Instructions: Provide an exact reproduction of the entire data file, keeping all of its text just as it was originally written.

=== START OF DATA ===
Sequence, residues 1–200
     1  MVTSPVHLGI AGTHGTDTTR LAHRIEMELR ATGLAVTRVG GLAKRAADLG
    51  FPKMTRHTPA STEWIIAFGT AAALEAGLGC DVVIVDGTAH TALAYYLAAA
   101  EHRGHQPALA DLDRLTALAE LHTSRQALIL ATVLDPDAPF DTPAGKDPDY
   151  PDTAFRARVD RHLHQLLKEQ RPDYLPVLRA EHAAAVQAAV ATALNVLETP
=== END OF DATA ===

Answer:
Sequence, residues 1–200
     1  MVTSPVHLGI AGTHGTDTTR LAHRIEMELR ATGLAVTRVG GLAKRAADLG
    51  FPKMTRHTPA STEWIIAFGT AAALEAGLGC DVVIVDGTAH TALAYYLAAA
   101  EHRGHQPALA DLDRLTALAE LHTSRQALIL ATVLDPDAPF DTPAGKDPDY
   151  PDTAFRARVD RHLHQLLKEQ RPDYLPVLRA EHAAAVQAAV ATALNVLETP